QUEEN OF MIAMI by Méta Smith

QUEEN OF MIAMI

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KIRKUS REVIEW

Sexy and ambitious nightclub deejay encounters both fame and danger when she partners with a shady Russian businessman.

A relationship is the last thing on “Ms. Bobbi” Hayes’s mind when she first picks up Mikhail Petrov after one of her gigs. A flamboyant club diva known for her inventive music mixes and barely-there ensembles, Bobbi sees men as playthings, useful only for satisfying her sexual needs. But Mikhail is different. Older, whiter and much richer than her previous conquests, he is her match in bed, and she cannot believe her luck when he reveals that he has just purchased the famous nightspot Babylon and wants her to work there. But first he whisks her off to Greece on his yacht, where they party their way across the Mediterranean, making stops to show off Bobbi’s deejay skills in exotic locales like Ibiza and St. Tropez. Mikhail’s extreme wealth attracts Bobbi, who walked away from her own privileged upbringing in Chicago to make it on her own, but it’s his drive to succeed at all costs that really impresses her, and allows her to get past some of his more controlling tendencies. She doesn’t love him, but he promises to make her a star, and back in Miami, he does just that. He turns Babylon into Bobbi’s showcase, but even as the crowds line up, something is amiss. She’s smart enough to realize that Mikhail’s business cannot be fully legitimate, but she has no idea how ruthless her mysterious Russian is until one of his previous paramours is found dead. Before it’s too late, she gets help from surly (but oh-so-fine) bouncer Q, who has even more secrets than Mikhail. With an appealingly unapologetic heroine, this second effort from onetime music-video dancer Smith (The Rolexx Club, July 2006) is good at capturing the seamy side of South Beach nightlife, but it suffers from underwritten supporting characters and a silly plot.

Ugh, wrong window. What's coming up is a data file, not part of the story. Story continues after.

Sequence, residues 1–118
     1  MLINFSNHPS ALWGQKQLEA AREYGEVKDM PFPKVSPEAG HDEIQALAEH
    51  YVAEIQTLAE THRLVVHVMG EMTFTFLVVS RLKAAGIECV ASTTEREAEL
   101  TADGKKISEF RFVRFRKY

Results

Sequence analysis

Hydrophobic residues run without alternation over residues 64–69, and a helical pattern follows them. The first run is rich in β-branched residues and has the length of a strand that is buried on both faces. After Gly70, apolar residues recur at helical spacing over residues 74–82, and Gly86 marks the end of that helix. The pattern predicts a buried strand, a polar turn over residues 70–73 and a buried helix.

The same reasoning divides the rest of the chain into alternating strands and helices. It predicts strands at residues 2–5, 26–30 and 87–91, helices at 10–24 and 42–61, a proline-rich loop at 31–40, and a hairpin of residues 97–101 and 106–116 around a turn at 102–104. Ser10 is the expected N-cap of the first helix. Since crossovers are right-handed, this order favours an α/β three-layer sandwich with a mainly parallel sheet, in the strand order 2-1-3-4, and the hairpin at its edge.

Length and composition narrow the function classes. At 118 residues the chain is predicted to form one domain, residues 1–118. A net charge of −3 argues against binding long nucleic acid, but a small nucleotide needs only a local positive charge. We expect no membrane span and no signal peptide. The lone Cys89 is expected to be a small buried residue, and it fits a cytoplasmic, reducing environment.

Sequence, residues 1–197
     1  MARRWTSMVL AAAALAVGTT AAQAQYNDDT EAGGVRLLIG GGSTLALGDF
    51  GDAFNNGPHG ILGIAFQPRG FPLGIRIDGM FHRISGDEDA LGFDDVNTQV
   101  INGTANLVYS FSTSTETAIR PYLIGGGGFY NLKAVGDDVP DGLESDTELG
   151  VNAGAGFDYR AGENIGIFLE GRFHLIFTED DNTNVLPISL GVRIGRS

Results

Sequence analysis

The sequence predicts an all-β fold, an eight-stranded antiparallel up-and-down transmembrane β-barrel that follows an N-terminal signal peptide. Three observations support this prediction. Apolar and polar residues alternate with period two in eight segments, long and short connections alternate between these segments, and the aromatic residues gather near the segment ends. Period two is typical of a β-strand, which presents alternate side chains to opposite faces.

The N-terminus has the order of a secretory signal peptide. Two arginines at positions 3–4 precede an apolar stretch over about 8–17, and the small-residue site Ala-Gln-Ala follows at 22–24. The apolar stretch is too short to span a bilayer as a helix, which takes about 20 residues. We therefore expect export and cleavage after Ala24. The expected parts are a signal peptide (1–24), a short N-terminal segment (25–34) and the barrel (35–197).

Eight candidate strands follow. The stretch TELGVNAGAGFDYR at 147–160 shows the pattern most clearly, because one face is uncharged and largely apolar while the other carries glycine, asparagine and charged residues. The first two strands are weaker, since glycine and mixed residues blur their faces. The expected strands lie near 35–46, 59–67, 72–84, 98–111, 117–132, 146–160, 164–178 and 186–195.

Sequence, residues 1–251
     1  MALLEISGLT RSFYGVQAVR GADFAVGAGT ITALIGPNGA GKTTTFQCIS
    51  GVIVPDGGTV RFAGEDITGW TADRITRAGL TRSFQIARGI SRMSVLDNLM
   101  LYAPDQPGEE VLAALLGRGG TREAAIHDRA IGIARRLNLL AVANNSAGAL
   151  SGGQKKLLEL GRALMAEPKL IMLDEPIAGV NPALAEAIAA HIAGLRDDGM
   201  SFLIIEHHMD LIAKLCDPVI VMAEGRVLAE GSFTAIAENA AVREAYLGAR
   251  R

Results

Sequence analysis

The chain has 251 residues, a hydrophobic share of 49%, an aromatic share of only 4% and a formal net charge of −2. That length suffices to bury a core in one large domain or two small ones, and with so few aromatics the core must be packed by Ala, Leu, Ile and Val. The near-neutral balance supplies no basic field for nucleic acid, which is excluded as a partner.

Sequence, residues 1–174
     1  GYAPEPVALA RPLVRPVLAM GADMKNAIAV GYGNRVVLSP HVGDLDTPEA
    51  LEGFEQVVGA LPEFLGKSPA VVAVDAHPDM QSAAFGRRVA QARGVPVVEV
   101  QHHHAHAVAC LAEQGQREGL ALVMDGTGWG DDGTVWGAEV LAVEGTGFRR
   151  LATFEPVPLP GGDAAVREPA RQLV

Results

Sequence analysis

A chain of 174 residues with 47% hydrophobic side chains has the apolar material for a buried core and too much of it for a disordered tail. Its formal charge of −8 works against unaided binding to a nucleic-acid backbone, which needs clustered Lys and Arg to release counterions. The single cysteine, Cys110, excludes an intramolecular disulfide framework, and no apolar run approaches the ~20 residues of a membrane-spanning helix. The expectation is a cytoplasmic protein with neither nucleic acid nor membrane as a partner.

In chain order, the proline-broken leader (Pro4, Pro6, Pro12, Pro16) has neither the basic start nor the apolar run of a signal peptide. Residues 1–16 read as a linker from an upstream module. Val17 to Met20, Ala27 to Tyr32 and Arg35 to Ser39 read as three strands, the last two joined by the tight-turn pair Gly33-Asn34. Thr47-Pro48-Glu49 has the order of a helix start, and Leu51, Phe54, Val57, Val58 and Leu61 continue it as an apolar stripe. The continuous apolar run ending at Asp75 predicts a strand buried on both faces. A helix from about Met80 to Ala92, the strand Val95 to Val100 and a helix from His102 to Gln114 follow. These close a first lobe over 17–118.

Formulaic thriller with a hip-hop soundtrack.

Pub Date: March 14th, 2007
ISBN: 0-446-69853-9
Page count: 320pp
Review Posted Online:
Kirkus Reviews Issue: Dec. 1st, 2006